The Administration is touting new $250 checks for seniors who hit the Medicare Part D coverage gap. But the State of Vermont is arguing that if the money is to defray drug costs, and not just a political giveaway, then they should be receiving those checks for the seniors who get their drugs paid for by the state Medicaid program. “The dust-up over rebate checks and who should receive them underscores the challenges of the federal-state partnership in health reform’s implementation. While rules and regulations are written within the Beltway, most of the heavy-lifting, in terms of implementation, rests with state governments.”

Funding to cover the uninsured in state-based, high risk pools until the new insurance subsidies are rolled out is woefully inadequate and would cover less than 10 percent of those eligible, according to studies. 

The Senate health care bill (which, along with the Reconciliation Act, became law) would overhaul the entire health-care sector of the U.S. economy by erecting massive federal controls over private health insurance; dictating the content of insurance benefit-packages and the usage of medical treatments, procedures, and devices; altering the relationship between the federal government and the states; transferring massive regulatory power to the federal government; and restricting Americans’ personal and economic freedom by imposing unprecedented mandates on businesses and individuals, including an individual mandate to buy insurance.

House passage of the Senate version of ObamaCare means higher health costs, higher deficits, higher taxes, higher premiums, incentives for employers to drop employees’ insurance, incentives for employers to avoid hiring low-income workers, financial penalties for entering into marriage, further expansion of Medicaid and the launching of a new entitlement program, and the ushering in of a culture of statism and dependency in lieu of limited government and liberty.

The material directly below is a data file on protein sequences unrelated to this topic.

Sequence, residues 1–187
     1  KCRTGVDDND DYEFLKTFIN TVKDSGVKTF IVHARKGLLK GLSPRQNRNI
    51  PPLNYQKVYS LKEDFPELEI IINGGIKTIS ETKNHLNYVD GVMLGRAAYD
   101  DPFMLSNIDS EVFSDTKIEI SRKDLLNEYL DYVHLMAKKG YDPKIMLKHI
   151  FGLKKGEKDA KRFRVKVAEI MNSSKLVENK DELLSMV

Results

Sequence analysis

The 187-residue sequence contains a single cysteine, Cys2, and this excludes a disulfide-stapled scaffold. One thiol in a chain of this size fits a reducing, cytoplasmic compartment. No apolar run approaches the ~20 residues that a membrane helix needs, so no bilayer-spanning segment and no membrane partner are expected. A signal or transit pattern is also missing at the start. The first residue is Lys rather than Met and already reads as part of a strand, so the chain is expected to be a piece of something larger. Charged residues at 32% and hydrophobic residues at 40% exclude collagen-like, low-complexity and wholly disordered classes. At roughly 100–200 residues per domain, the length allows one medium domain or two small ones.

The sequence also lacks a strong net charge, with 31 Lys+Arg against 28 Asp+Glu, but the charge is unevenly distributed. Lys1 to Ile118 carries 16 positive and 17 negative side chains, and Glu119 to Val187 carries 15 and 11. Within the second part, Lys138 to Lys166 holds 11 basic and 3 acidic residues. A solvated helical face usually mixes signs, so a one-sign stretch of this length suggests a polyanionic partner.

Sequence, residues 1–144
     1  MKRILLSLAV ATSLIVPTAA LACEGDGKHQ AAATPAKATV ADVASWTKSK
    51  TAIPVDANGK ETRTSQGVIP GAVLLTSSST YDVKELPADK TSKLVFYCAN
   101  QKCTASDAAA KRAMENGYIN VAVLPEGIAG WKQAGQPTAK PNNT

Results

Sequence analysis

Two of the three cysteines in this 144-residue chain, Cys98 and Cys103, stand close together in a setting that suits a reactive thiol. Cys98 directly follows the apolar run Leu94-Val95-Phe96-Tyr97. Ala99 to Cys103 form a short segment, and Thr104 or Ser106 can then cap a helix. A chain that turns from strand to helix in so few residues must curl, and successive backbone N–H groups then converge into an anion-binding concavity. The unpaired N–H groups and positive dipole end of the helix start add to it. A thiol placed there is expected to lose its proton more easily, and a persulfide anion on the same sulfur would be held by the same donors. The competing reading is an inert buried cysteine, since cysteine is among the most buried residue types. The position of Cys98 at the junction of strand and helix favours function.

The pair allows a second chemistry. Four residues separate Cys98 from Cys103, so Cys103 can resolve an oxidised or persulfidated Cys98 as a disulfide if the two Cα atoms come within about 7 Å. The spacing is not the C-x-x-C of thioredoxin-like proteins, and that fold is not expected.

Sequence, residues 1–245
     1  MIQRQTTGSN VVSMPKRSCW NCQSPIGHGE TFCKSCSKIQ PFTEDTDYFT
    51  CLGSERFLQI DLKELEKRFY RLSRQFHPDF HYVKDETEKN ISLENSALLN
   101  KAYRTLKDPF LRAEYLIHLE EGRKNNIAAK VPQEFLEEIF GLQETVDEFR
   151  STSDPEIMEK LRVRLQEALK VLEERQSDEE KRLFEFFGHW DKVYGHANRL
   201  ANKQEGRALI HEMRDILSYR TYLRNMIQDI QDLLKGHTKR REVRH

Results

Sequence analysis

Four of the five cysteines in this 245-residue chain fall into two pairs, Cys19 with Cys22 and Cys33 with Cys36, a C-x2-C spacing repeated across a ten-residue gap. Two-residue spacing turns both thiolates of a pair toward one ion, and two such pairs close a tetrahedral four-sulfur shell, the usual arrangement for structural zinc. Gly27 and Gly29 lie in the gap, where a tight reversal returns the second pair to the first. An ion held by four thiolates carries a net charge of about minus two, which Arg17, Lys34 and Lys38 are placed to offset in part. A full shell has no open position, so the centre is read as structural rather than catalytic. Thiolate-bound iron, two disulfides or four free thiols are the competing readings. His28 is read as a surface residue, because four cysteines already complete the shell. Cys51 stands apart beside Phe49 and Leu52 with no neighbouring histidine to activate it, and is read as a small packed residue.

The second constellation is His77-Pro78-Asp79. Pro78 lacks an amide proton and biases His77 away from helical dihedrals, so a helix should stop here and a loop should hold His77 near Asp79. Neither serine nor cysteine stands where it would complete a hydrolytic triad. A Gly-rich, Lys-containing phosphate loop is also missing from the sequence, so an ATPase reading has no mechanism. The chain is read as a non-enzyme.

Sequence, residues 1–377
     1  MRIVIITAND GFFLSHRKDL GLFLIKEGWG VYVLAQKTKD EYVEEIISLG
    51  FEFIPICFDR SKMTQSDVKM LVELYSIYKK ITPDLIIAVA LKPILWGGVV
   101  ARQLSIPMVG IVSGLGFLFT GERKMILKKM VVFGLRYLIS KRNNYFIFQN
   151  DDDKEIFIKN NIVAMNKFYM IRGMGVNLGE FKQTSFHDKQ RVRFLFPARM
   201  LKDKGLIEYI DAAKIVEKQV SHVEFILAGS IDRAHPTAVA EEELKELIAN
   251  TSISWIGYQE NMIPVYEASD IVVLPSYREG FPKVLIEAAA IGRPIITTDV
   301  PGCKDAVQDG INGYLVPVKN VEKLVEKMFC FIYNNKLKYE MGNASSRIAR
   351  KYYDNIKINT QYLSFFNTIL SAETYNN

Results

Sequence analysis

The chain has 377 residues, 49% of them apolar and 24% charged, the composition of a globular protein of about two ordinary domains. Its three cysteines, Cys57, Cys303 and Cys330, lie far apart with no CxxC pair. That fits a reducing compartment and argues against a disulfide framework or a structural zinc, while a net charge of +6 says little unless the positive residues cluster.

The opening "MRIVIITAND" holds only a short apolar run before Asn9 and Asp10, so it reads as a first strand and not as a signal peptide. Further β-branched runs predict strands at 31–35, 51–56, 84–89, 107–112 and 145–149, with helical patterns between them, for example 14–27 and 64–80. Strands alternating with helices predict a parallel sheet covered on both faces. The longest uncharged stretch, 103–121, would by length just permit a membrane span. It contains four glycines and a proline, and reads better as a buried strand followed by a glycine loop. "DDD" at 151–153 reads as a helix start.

In a study commissioned by the state of Indiana’s Family and Social Services Administration, the Milliman consulting and actuarial firm concludes that ObamaCare would costs Indiana taxpayers $3.6 billion (in addition to their burden as federal taxpayers), as nearly one-quarter of Indiana residents would be on Medicaid by the end of the decade.

“The $5B allocation attached to [ObamaCare’s] High Risk Pool initiative appears to represents a number dictated more by political feasibility than a fair assessment of true program cost.”

This page provides links to letters written to Health and Human Services Secretary Kathleen Sebelius from 12 of the 19 states that have opted out of Obamacare’s federal high-risk pools.

Independent actuarial firm Milliman conducted a study at the behest of Indiana’s state government which found ObamaCare would cost the state $20 million in the next year alone, with almost $3 billion in new costs over the next 10 years.